Under pressure from health plans and the Maryland congressional delegation, HCFA is considering abandoning its plans to run a competitive-bidding demonstration project for Medicare managed-care plans in Baltimore.
However, officials say they are still committed to trying the plan at other, undisclosed sites.
According to Barbara Cooper, HCFA deputy associate administrator for policy, "It's not clear what, if anything, we will do in Baltimore."
But Cooper added that administration officials "still want to do the demonstration, so we are looking at other sites."
Neither Cooper nor Bruce Fried, director of HCFA's managed-care office, would disclose the other sites being considered.
Under the project, all the Baltimore-area managed-care plans were to submit bids for a HCFA-produced standard-benefit package.
All plans that submitted a bid higher than the winning bid would be required to charge beneficiaries a premium equalling the difference between their bid and the rate of the winning bidder.
The plans involved were critical of the proposal, arguing that plans that submitted bids higher than the chosen rate would be severely disadvantaged.
HCFA also had concerns. Among the problems cited by Cooper is Maryland's decision to enroll its Medicaid beneficiaries in managed-care plans, which Cooper said would make it difficult for plans to handle the demonstration project as well.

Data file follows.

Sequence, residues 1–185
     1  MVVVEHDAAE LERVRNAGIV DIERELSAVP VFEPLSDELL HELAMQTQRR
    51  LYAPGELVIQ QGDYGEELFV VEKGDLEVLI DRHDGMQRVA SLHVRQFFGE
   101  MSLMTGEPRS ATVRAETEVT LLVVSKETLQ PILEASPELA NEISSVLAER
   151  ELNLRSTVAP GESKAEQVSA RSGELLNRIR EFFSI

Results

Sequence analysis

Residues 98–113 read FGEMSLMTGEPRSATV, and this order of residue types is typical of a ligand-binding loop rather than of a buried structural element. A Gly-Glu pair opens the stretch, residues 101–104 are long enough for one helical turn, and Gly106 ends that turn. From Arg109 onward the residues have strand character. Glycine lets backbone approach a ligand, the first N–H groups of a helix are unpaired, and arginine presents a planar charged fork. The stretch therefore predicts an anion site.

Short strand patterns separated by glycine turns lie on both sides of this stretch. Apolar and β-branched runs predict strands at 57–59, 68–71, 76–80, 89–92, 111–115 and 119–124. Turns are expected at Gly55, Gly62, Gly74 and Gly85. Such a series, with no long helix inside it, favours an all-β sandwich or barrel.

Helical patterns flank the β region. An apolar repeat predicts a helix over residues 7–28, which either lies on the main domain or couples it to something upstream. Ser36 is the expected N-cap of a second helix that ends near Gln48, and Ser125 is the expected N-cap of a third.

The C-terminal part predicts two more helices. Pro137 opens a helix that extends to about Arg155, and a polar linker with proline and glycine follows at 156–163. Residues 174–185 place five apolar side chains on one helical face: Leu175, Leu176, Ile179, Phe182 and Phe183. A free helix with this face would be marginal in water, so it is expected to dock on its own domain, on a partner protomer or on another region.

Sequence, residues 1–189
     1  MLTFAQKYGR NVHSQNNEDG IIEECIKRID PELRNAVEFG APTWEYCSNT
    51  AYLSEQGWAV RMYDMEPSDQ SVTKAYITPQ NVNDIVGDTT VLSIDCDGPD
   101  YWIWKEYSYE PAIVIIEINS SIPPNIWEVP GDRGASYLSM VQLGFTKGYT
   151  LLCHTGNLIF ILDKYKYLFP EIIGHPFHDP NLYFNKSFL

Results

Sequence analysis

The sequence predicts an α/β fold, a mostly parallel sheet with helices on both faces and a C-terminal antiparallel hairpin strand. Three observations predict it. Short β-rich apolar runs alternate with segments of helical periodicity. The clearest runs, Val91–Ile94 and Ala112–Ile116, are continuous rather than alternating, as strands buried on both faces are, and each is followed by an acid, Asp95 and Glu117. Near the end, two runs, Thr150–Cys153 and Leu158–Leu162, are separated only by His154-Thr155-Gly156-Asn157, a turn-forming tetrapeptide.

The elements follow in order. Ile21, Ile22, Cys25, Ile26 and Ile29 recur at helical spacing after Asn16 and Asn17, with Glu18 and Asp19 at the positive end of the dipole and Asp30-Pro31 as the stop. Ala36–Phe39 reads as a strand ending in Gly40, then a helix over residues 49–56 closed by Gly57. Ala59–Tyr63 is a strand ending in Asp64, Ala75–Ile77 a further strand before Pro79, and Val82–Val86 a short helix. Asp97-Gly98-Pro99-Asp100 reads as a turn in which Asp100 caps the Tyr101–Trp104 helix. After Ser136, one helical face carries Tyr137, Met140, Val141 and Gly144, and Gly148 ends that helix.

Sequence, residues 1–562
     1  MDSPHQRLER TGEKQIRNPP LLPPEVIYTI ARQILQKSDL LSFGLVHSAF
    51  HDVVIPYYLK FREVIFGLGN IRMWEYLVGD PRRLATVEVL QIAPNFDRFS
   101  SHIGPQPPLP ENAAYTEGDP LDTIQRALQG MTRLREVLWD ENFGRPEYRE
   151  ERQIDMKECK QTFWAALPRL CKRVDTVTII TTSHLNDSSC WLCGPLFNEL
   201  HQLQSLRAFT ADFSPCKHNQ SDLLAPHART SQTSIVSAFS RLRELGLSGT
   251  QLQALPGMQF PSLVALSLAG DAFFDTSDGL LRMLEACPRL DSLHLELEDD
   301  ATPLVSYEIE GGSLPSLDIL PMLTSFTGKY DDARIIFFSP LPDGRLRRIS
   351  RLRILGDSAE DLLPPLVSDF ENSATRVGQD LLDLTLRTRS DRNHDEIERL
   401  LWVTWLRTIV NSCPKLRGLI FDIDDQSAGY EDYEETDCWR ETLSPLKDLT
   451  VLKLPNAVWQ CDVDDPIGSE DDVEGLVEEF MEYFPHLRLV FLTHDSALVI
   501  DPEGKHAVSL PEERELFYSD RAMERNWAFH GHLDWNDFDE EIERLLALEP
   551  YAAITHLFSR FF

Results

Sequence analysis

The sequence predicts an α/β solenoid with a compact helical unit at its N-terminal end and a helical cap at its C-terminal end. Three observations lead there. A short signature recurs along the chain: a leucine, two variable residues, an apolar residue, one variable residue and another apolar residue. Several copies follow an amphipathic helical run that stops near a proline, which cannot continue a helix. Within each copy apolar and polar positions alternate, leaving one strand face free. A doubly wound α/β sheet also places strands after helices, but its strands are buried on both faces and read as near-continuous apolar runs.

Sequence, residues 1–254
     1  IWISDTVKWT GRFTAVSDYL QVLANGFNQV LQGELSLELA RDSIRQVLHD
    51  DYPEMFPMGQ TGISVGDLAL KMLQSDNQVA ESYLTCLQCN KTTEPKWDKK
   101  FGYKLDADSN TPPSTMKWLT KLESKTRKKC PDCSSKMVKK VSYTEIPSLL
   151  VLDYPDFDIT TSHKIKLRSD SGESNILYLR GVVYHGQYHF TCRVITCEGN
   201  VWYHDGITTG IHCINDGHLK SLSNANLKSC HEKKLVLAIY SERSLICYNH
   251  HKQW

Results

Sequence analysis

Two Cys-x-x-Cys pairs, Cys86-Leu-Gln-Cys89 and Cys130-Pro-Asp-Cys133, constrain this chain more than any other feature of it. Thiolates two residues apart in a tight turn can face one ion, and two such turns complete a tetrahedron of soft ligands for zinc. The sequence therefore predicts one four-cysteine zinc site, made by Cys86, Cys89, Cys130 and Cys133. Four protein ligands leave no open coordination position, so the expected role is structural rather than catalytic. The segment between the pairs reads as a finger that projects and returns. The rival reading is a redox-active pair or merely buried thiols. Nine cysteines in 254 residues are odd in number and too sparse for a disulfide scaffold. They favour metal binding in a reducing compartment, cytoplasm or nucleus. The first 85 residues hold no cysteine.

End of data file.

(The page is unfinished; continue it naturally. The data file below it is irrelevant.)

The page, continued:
"It would be hard for them to deal with both," Cooper said. She added that the question HCFA is now trying to decide is, "Is it just a timing issue or should we start somewhere else?"
Maryland congressmen, led by Democratic Rep. Benjamin Cardin, had called on HCFA to delay the start of the project until the problems were addressed.
Last week, Cardin said, "If HCFA does go forward with the project, it will be dramatically different than originally proposed."
Cooper added that whether the proj-ect takes place in Baltimore or another site, it is unlikely that HCFA will meet its original start date of Jan. 1, 1997.